People Passing 1969
68.4 x 68.5 cm
est. $25,000 - 35,000
Important Works of Art, Webb's 27/03/2012
Richard Killeen has been an exhibiting artist since 1967, with dealers in Sydney and New York. Locally he is represented by Ivan Anthony and Peter McLeavey galleries who have placed his works in major corporate and private collections as well as in the collection of each of the major metropolitan public art galleries. There are twenty works in the Museum of New Zealand Te Papa Tongarewa and Killeen's Post-Modern cut-out series was the subject of Francis Pound's 1987 PhD dissertation. Major exhibitions devoted to his practice have toured nationally, a distinction previously reserved for first generation modernists Gordon Walters and Colin McCahon.
The son of a signwriter, and with Irish Catholic ancestry, Killeen first came to prominence as a 19-year-old at the Elam School of Fine Arts in 1965 when one of his painting tutors, Colin McCahon, chose him as his assistant on a large commission to paint windows for the Convent Chapel of the Sisters of Our Lady of the Missions in Upland Road, Remuera. The windows are now in the collection of the Auckland Art Gallery. McCahon noticed that Killeen's compositions seemed assembled from separate parts, like jigsaw puzzle pieces with stylised figures rendered as flattened shapes applied over a neutral background, casting no shadows. Here the simple primary colours of red, blue and yellow brighten the representation of the banality of everyday life as figures cross in two directions on a city street.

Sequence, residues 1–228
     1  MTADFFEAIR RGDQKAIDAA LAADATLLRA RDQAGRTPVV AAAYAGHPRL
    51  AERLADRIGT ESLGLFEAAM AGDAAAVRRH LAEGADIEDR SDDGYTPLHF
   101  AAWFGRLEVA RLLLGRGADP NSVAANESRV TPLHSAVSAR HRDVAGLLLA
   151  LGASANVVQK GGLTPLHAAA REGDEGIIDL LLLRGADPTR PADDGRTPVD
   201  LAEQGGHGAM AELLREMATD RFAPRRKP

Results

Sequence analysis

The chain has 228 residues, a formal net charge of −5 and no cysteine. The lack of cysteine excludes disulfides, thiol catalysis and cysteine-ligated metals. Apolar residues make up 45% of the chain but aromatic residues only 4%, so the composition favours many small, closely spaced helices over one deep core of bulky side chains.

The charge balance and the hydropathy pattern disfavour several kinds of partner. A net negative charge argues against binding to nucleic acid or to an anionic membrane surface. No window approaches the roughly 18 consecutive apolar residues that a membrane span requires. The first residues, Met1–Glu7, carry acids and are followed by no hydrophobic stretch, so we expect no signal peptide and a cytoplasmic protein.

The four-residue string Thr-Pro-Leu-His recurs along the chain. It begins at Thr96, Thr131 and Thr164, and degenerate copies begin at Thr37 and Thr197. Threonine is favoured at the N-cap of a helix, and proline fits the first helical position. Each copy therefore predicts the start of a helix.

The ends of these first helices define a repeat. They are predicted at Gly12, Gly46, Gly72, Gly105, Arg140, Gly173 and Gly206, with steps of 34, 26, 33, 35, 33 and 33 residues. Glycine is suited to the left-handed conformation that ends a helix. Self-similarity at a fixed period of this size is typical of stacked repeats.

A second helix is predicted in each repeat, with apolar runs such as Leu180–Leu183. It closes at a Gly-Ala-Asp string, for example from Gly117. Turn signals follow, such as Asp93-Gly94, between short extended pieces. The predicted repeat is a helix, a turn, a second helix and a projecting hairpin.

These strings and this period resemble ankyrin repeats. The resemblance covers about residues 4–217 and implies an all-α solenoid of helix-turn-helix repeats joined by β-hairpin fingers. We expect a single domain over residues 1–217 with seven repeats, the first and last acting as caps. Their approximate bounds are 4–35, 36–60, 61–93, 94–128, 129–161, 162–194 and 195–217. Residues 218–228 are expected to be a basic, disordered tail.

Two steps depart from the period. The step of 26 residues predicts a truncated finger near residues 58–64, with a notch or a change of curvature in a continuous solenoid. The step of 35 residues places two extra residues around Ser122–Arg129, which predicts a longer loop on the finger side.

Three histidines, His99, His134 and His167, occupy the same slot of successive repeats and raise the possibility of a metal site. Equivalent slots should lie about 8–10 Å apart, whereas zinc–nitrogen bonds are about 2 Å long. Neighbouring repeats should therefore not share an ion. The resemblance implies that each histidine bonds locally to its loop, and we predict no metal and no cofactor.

This painting relates to American Pop Art, but also responds to local traditions of Realism which had been dominated by landscape. Neatly attired in suits and shift dresses of a respectable length, Killeen's figures are city slickers not country hicks; he is characterising New Zealanders as sophisticated and urbane. Using the frame to cut off the figures draws attention to the artificial nature of this realist construction, allowing investigation of figure and field as image and pattern and lending the image a mysterious, symbolic quality.